Local bakers join Bakers Against Racism, donate proceeds to Black Lives Matter funds

Local bakers are joining a nationwide bake sale with the goal of donating proceeds to Black Lives Matter funds.
SILVER LAKE (KABC) -- Local bakers are getting involved in a nationwide bake sale called Bakers Against Racism.

More than 2,500 bakers are involved in Bakers Against Racism which started in Washington D.C. The goal is to sell baked goods and donate the proceeds to Black Lives Matter funds.



"We hopped on board because it's something that's perfectly suited for us," said Village Bakery and Café co-owner Barbara Monderine-Willams.

"We want to help in the community, but it's hard when you're when you're an essential worker and you have to be in here the whole time. It's really frustrating to not be able to get out on the streets and to march with everyone else," Monderine-Willams said.

The Village Bakery and Cafe in Atwater Village is selling boxes of baked doughnuts for $20. All of the proceeds will go to Black Votes Matter.

But you don't have to be a restaurant or bakery owner to be part of this campaign.

Home baker Christina Wong started making cookies as soon as she heard about the idea.

"I saw a lot of bakers in the LA area who were doing bake sales, and I wanted to do it. But I hesitated because it just felt like so much work," said Wong.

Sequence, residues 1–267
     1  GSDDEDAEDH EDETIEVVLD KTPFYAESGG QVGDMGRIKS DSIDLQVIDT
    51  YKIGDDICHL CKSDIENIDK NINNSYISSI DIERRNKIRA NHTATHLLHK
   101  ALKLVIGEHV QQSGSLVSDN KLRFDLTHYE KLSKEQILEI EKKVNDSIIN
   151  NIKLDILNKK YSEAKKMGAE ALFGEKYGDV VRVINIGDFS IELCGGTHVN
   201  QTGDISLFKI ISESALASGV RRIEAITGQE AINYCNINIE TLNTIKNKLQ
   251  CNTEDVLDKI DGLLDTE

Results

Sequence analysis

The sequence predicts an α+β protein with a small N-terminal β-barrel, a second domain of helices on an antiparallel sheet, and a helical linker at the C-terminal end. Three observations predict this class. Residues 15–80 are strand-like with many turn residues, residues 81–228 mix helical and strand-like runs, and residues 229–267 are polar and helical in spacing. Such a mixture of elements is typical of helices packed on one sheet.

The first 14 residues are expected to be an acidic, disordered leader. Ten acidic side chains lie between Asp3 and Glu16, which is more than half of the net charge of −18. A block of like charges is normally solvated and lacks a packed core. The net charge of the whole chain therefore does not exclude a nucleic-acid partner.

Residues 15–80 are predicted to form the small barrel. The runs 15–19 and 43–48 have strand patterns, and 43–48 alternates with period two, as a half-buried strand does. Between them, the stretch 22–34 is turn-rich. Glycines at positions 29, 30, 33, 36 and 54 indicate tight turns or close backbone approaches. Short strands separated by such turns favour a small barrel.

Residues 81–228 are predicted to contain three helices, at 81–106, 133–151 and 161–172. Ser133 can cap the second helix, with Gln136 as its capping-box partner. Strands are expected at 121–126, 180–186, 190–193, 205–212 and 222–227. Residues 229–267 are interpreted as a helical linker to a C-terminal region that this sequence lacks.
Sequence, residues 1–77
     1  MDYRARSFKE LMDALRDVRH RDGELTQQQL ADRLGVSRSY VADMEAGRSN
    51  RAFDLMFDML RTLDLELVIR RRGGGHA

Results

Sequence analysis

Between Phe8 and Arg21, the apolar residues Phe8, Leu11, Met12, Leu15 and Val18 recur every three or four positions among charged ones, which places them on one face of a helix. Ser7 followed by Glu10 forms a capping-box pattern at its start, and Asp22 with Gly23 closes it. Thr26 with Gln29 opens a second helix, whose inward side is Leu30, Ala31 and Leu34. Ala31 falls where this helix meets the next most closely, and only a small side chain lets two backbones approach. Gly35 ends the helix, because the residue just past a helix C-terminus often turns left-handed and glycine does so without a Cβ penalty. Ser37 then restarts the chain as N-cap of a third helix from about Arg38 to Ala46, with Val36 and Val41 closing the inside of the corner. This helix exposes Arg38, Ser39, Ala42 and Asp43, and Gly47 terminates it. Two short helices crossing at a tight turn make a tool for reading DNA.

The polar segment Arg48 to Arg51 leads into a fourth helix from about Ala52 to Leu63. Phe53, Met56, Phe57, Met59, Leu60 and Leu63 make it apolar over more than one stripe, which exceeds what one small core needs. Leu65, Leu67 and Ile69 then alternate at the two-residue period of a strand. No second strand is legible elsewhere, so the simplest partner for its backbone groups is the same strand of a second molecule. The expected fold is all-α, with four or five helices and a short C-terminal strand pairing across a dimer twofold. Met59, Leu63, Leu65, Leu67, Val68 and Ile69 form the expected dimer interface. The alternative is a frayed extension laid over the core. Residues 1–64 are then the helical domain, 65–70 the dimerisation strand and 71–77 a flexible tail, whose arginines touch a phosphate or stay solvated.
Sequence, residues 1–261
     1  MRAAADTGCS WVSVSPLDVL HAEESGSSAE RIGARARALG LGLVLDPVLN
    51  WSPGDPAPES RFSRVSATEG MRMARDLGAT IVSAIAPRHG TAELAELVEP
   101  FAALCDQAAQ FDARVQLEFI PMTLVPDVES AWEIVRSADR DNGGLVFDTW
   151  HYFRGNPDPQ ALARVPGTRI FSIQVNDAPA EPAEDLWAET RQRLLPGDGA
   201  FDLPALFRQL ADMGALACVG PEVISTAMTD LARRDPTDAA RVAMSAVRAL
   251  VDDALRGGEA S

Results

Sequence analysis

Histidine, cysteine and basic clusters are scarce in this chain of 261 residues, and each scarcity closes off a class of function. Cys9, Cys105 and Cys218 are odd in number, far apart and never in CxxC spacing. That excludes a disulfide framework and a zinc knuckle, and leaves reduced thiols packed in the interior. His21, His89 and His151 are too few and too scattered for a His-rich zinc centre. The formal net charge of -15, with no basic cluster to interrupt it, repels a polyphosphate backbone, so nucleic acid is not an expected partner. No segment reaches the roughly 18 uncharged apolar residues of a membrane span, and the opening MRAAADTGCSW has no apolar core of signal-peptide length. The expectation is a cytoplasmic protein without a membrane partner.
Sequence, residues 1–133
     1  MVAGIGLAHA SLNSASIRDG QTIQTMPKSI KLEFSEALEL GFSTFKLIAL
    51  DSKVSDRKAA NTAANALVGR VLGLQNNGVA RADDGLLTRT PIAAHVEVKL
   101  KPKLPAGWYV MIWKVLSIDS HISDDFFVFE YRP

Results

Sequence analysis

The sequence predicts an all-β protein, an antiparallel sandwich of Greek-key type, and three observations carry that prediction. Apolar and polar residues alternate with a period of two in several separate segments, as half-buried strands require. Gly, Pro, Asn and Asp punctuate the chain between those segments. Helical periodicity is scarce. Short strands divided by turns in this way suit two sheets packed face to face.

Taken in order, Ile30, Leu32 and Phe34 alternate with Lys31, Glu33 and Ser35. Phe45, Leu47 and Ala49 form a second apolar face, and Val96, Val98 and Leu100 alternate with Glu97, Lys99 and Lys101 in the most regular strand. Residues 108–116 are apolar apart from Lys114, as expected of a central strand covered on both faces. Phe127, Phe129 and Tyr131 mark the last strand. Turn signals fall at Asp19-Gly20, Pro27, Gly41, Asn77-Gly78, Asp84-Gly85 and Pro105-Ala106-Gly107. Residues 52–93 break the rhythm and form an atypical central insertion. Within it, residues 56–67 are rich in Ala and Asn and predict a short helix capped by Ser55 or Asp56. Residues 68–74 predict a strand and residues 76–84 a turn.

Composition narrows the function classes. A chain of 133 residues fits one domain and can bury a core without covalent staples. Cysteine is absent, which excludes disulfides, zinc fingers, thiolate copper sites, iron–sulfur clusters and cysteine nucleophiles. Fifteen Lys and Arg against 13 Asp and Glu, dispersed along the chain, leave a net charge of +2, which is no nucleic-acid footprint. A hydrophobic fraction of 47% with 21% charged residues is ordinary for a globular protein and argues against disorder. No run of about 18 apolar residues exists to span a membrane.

"But as soon as I saw this Baker's Against Racism campaign go up, I was like, I have to do it," Wong said.

Wong has raised more than $2,000 for Black Lives Matter LA and baked more than 600 cookies.

"People would say, you know, 'I'm just a home baker, I don't know if I can do this.'" And I said, 'No, you're not just a home baker, you're powerful. You have a voice and you can do this,'" she said.

Heather Sperling, co-owner of Botanica Restaurant and Market in Silver Lake, says they're donating their bake sale proceeds to Black Lives Matter LA and Gather 4 Justice.
"Up until a couple weeks ago, I really believed that my business as a restaurant was a largely apolitical restaurant," said Sperling.

"And I learned very quickly, as I'm happy to see a lot of other small business owners have learned, that actually part of being a responsible business owner or a responsible member of your community, is using whatever platform you have to broadcast the things that you think are really important," Sperling said.
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